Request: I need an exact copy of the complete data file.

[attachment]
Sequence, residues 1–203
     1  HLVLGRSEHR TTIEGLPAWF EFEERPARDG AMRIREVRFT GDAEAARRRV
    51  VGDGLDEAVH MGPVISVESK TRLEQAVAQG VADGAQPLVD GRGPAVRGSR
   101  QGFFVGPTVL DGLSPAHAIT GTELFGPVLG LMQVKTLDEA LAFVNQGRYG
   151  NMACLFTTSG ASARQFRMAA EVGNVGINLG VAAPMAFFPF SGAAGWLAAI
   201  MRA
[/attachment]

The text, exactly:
Sequence, residues 1–203
     1  HLVLGRSEHR TTIEGLPAWF EFEERPARDG AMRIREVRFT GDAEAARRRV
    51  VGDGLDEAVH MGPVISVESK TRLEQAVAQG VADGAQPLVD GRGPAVRGSR
   101  QGFFVGPTVL DGLSPAHAIT GTELFGPVLG LMQVKTLDEA LAFVNQGRYG
   151  NMACLFTTSG ASARQFRMAA EVGNVGINLG VAAPMAFFPF SGAAGWLAAI
   201  MRA